In January, the findings of a multi-year report conducted by The Kaiser Family Foundation found that with technology allowing nearly 24-hour media access as children and teens go about their daily lives, the amount of time young people spend with entertainment media has risen dramatically.
I've already done a round up of the key points of the Generation M2: Media in the Lives of 8- to 18-Year-Olds conducted by the Kaiser Family Foundation (KFF). In this post, I've pulled together just the key information related to teens, television and media consumption.
Some key points related to TV and multi-platform media consumption among youth:
- Kids consume a lot of media--and more all the time. Basically, if kids are awake, they're consuming media. And, increasingly, they're consuming multiple forms of media at the same time.
- Only 1/3 of households have media-consumption rules
- More media is consumed in households in which TVs are always on, where there are no rules, and where kids have TVs in their bedrooms.
- For the first time over the course of the study, the amount of time spent watching regularly-scheduled TV declined, by 25 minutes a day (from 2004 to 2009).
- The many new ways to watch TV–on the
Internet, cell phones, and iPods–actually led to an increase in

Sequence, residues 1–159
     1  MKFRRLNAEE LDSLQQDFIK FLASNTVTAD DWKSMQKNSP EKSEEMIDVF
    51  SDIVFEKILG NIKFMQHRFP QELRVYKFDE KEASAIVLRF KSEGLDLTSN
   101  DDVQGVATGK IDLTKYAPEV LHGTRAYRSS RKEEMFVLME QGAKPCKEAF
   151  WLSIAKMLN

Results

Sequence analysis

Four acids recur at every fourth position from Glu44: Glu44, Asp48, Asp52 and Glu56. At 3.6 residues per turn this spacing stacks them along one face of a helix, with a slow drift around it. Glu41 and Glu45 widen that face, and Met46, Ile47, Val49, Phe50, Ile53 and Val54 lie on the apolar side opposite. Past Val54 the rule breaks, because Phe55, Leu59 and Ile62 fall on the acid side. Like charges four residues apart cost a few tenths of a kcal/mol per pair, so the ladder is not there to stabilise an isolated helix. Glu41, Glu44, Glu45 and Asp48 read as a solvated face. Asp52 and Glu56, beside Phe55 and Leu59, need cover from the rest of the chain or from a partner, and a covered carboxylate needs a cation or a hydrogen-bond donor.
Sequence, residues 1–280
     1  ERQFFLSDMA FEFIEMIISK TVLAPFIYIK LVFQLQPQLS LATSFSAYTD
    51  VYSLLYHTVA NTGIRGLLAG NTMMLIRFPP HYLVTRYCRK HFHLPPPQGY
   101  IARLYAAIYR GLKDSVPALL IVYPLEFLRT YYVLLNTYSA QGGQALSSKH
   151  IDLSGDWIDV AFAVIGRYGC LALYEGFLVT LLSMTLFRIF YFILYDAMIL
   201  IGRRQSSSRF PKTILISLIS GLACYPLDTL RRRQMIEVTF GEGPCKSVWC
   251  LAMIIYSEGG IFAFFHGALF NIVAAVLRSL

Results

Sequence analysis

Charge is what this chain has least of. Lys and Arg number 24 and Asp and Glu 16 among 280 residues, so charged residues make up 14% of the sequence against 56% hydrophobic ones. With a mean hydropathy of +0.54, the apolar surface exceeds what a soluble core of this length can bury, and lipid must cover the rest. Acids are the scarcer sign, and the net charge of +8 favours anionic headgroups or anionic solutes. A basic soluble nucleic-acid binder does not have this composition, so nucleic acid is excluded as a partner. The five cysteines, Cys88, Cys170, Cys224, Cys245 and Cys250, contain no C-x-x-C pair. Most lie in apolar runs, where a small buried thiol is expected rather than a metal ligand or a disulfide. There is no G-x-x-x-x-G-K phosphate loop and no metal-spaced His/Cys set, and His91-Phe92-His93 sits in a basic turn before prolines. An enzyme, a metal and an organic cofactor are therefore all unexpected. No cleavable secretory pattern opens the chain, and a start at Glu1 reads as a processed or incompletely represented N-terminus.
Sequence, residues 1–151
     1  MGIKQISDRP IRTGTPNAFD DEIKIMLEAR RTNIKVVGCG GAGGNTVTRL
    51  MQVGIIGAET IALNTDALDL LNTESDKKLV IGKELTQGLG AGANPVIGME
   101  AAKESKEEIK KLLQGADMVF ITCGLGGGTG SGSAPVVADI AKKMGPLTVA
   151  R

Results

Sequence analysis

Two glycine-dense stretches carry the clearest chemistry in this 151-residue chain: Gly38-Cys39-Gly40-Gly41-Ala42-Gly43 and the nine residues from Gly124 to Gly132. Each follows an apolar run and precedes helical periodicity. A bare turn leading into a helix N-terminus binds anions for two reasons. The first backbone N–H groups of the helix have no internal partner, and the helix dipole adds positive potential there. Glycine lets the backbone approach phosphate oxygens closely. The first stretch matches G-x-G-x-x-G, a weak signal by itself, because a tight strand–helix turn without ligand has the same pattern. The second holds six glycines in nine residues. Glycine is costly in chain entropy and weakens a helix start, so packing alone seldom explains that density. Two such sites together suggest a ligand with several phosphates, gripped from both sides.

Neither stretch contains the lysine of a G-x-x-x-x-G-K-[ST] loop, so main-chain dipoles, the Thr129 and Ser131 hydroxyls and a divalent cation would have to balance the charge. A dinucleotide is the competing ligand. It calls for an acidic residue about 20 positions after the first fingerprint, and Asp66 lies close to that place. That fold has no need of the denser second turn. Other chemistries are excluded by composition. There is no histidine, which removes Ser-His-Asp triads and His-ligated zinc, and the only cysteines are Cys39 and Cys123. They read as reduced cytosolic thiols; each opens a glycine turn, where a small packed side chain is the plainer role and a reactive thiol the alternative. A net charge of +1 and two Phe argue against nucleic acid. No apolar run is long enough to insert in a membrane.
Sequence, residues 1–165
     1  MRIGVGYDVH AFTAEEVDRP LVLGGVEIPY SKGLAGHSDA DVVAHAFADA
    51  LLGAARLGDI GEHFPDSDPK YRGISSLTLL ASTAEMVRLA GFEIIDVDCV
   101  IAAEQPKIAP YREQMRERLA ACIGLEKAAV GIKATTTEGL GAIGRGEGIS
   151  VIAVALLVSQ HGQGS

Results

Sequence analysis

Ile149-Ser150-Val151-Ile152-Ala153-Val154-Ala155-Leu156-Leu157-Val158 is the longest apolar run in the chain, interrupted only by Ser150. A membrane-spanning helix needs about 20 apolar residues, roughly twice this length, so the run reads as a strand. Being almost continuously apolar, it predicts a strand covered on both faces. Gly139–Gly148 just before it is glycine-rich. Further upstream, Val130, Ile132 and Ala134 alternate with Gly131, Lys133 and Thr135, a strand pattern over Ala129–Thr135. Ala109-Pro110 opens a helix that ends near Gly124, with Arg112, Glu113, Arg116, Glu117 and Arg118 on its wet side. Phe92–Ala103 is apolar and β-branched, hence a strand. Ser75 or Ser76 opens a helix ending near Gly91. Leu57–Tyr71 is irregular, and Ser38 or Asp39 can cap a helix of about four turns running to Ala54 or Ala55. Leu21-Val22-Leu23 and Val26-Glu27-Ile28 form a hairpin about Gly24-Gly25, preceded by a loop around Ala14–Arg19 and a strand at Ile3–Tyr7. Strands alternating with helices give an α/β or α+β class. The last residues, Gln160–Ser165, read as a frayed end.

consumption from 3:51 to 4:29 per day, including :24 of online
viewing, :16 on
iPods and other MP3 players, and :15 on cell phones.
- All told, 59% (2:39) of young people’s TV-viewing consists of live TV on a TV set, and 41% (1:50) is time-shifted, DVDs, online, or mobile.
- TV remains the dominant type of media content consumed, at 4:29 a day, followed by music/audio at 2:31, computers at 1:29, video games at 1:13, print at :38, and movies at :25 a day.
- About two-thirds (64%) of young people say the TV is usually on during meals, and just under half (45%) say the TV is left on “most of the time” in their home, even if no one is watching.
- Seven in ten (71%) have a TV in their bedroom, and half (50%) have a console video game player in their room. Again, children in these TV-centric homes spend far more time watching: 1:30 more a day in homes where the TV is left on most of the time, and an hour more among those with a TV in their room.